People & Culture

Talking Apple TV+’s new series Foundation with RCGS medalist Jared Harris

Ahead of the series finale, we caught up with Louie Kamookak Medal recipient Jared Harris to discuss his role as Hari Seldon on Apple TV+’s hit new series Foundation

  • Published Nov 15, 2021
  • Updated Apr 06, 2023
  • 1,135 words
  • 5 minutes
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Apple dropped a new series this fall starring RCGS medal recipient Jared Harris.

Set in the expansive universe created by biochemistry professor and pioneering sci-fi author Isaac Asimov and streaming on Apple TV+, Foundation unfolds the story of a Galactic Empire’s struggle for survival and relevance after a mathematician, Hari Seldon (played by Harris), predicts its inevitable downfall.

Reimagined by veteran filmmaker and showrunner David S. Goyer, Foundation follows Seldon and a cast of fascinating characters as they work to establish a distant colony to preserve all of humanity’s knowledge. On the other side of the struggle are the Cleons, a genetic dynasty of three rulers created in the image of their distant relative Cleon I. Lee Pace, who co-stars alongside Harris as Brother Day, explains, “[The Cleons] have got absolute control over the entire Milky Way galaxy. They decide who lives and who dies. They decide who prospers and who suffers. They believe that they are the same man that has lived for 400 years — and has established a balance and prosperity for the galaxy, which will last forever. But all of these things are a fantasy. The personal journey these three men go on is really kicked off by Hari Seldon’s predictions.”

Harris’ Seldon is the guiding voice throughout the entire show, which turns out to be as epic as the award-winning series of novels which inspired it. We caught up with Harris during a press day for Foundation to learn more about his pivotal role in Apple’s next big franchise.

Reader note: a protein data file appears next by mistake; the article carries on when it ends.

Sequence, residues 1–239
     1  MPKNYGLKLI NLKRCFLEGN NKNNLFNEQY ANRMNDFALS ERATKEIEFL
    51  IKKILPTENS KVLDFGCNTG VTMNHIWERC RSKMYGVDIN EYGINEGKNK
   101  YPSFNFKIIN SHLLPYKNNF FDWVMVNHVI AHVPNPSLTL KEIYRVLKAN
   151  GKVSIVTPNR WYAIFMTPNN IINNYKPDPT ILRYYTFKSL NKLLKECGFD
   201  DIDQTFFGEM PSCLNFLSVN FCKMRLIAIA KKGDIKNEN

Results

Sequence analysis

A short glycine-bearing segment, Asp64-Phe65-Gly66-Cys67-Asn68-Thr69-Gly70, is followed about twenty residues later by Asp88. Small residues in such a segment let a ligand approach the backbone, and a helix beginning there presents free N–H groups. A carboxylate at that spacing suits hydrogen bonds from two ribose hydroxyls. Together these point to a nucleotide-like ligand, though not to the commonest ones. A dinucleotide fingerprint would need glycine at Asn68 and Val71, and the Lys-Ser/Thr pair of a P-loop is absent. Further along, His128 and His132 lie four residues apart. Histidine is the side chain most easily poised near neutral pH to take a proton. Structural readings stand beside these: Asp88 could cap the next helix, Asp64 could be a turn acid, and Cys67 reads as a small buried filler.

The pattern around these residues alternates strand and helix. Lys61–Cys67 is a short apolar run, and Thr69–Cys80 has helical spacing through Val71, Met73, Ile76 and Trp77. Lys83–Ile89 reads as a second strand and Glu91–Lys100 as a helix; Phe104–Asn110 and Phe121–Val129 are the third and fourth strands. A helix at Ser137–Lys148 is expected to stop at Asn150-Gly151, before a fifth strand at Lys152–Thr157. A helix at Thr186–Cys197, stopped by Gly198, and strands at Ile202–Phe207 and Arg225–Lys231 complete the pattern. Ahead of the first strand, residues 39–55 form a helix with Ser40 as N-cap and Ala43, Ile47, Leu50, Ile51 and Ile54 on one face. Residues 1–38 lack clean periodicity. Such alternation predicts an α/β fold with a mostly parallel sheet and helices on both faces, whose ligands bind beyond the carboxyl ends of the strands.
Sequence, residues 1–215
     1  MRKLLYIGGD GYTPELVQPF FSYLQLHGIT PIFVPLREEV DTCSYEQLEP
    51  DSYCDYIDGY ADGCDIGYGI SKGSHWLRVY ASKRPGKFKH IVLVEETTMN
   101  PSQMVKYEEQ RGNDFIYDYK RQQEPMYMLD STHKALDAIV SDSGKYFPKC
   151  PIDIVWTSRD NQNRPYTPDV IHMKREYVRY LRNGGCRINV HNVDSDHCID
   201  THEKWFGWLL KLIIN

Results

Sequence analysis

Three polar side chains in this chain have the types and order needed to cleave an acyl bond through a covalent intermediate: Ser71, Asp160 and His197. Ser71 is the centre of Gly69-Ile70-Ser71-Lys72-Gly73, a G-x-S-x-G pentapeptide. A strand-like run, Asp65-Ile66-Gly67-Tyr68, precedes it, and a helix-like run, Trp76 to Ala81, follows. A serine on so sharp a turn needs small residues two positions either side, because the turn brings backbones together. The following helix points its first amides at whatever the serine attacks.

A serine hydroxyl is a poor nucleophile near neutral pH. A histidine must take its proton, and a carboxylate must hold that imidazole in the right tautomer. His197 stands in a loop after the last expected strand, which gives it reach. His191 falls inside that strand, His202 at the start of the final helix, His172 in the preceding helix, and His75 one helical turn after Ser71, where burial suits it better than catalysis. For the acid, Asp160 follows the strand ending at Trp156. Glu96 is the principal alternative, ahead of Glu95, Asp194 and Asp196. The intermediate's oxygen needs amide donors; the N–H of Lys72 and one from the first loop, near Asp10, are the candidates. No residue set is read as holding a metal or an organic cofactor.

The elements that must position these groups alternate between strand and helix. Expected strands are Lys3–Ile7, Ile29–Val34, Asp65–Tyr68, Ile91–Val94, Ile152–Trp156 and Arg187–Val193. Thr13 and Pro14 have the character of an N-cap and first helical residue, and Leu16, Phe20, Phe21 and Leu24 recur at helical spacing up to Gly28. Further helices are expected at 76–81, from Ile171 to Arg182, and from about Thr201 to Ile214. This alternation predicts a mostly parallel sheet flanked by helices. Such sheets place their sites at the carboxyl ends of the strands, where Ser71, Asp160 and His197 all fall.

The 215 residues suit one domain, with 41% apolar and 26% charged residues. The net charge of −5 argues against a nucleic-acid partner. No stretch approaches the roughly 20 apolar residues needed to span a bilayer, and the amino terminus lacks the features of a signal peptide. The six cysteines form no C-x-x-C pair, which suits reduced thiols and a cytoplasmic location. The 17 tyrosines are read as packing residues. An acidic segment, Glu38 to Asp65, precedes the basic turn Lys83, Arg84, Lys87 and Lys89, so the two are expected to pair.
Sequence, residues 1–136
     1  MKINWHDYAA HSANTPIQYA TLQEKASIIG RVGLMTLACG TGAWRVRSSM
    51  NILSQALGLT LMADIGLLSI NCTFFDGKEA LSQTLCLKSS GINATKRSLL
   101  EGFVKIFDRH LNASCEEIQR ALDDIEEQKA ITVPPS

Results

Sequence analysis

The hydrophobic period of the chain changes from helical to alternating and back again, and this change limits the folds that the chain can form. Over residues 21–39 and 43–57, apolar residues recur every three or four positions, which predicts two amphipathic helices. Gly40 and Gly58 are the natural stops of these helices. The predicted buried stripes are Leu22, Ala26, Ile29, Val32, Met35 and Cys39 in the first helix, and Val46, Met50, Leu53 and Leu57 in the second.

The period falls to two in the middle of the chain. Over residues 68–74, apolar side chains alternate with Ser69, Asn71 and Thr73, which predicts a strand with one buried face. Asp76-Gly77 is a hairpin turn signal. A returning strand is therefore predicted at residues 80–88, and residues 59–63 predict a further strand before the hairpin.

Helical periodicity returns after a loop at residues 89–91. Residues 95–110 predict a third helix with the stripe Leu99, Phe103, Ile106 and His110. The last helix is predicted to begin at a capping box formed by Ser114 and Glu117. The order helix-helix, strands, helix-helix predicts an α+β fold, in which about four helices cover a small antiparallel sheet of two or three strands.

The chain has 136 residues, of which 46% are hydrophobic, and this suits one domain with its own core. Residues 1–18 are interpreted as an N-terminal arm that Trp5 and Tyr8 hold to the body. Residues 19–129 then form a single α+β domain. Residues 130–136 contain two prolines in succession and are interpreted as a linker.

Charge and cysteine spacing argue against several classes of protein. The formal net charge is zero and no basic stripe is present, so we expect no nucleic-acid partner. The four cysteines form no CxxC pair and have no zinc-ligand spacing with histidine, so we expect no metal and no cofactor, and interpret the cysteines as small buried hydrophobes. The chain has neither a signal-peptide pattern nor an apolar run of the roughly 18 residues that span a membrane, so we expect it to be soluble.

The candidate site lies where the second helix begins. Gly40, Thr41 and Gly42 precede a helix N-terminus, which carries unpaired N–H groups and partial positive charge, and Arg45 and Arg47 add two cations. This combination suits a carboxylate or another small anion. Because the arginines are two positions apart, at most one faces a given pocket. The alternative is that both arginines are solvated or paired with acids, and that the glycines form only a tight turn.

CG: You have clearly got a knack for taking on characters deeply involved in exploration, whether travelling the Northwest Passage in The Terror or pushing through the Chernobyl investigation. Foundation is such a surreal comparison, with its genetic dynasty and interplanetary travel. What really drew you to the series?

Harris: I’m a fan of sci-fi. I love the the opportunity that it gives you to be superficially, nakedly entertained. You can take people on this sort of rollicking adventure — this epic journey, if you like. At the same time, all good sci-fii has the ability to reflect the times that it lives in, so I find that immediately appealing. I saw right away that David was taking some big swings at some big ideas — Hari Seldon included. There’s a big legacy to the character, you know. He casts a big shadow over the entire series of the novels — and not quite as he does in our series.

CG: An epic story that spans seven novels, Foundation has been central to the evolution of modern science fiction — inspiring the likes of Star Wars and beyond — but many people have not actually read the series. Had you been exposed to the books prior to signing on?